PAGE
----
Every year, the city of College Park rakes in nearly a million dollars from an unlikely source: speed cameras.
This past fiscal year, the city issued 53,980 citations to drivers caught on tape speeding past the nine cameras located around College Park. With each citation priced at $40, the city collected over $900,000 in net revenue from July 2018 to June 2019, according to the city’s annual speed monitoring system report.
But Bob Ryan, the city’s public services director, said the collected funds go to support public safety programs in the city.
Because College Park doesn’t have its own police force, Ryan said, money from paid citations goes toward supporting the off-duty Prince George’s County Police officers working on contract for the city. The entire program costs over $1.2 million — and a good portion of that is brought in by the city’s speed cameras.
Plus, Ryan said, other cities, such as Washington, D.C., use cameras far more often. The Washington Post reported that the district’s 95 cameras pulled in $103.9 million in revenue in fiscal year 2017.
To maintain pedestrian safety, Ryan said College Park’s speed cameras tend to be located near crosswalks.
The city operates two speeding cameras on University Boulevard, one on Metzerott Road, another on Rhode Island Avenue and four on Route 1. A portable camera also travels with a police cruiser in areas approved by the city council — mainly around where the other eight cameras are.
Route 1’s cameras rake in the majority of cash, the city’s report shows. The camera that catches the most violators sits between Exxon and ZIPS Dry Cleaners, right at the intersection with Guilford Road. Last fiscal year, that camera issued 18,180 citations, bringing in about $727,2000 in gross revenue.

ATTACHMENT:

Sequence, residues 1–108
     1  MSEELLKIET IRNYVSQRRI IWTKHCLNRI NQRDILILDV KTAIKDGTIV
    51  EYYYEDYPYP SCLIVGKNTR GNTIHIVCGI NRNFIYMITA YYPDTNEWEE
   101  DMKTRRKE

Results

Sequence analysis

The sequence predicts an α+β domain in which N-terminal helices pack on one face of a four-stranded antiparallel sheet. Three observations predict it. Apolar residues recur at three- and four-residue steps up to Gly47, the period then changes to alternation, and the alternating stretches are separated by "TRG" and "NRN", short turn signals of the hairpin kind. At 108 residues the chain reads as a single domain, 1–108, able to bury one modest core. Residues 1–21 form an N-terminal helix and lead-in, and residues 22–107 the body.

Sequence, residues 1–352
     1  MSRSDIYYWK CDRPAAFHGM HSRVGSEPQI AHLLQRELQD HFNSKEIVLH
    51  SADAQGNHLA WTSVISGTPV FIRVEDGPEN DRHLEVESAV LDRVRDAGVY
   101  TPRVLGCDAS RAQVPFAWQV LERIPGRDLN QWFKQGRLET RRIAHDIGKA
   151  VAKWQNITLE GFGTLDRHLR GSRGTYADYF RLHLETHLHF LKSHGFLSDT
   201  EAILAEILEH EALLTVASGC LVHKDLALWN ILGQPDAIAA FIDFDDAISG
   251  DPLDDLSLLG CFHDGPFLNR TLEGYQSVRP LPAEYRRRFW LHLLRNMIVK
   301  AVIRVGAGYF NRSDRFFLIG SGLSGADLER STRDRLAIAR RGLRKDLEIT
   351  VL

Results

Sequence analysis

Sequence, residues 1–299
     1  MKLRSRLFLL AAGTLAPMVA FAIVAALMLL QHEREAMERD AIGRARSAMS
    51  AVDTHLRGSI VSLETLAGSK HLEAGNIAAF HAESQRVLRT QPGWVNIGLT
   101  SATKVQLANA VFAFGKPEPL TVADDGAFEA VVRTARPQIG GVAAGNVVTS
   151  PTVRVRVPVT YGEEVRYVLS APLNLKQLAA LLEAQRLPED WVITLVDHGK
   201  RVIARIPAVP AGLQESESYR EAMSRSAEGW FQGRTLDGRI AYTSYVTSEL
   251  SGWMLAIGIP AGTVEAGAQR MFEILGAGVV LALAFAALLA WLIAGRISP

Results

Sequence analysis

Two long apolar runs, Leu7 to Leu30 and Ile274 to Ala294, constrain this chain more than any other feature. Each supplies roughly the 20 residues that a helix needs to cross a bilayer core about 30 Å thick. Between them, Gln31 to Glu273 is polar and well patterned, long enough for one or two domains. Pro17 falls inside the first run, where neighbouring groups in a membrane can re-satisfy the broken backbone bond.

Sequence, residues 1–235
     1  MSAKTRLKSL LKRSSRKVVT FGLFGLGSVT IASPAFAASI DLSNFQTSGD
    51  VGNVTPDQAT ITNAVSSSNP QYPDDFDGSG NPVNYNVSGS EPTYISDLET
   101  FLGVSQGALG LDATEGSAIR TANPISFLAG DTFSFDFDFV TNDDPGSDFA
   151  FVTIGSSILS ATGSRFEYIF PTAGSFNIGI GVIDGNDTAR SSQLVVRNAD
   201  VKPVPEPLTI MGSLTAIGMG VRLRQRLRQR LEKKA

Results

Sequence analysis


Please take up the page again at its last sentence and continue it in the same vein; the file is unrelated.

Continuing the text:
Bethany Wharton, a junior art studio major at the University of Maryland, has had two run-ins with a traffic camera by Lidl on Route 1 at the intersection of Berwyn Road.
“As soon as I got the like ticket in the mail, I was like, ‘Oh no,’” Wharton said. “I passed by there at least three times a week. Like there’s no way that I wasn’t speeding again.”
Sophomore information science major Quan Le, who commutes from Beltsville, has never gotten a ticket. However, he says he’s sure the majority of the violators are students — especially at night, when they become more reckless drivers.
“Students just know their way around better,” Le said. “They know alternate routes and how to get to places, and that would just give an indication of a tendency to speed more.”
The city doesn’t collect data on the people issued citations, but Ryan said, anecdotally, those caught speeding tend to be a mixed bag of students and residents alike.
Now, the city is in the process of installing a tenth speed camera on Metzerott Road. Ryan also said the cameras might move around the city, if traffic patterns change in the long-term. For example, with a project to widen Route 1 underway in the next few years, Ryan expects construction to slow down traffic, he said.
Since the cameras were installed in 2010, Ryan said the revenue they’ve brought in has shrunk. But he doesn’t see that as a bad thing.
“That’s the goal of speed cameras,” he said. “If everybody drove the speed limit, we wouldn’t issue any [citations], and we’d be happy about that.”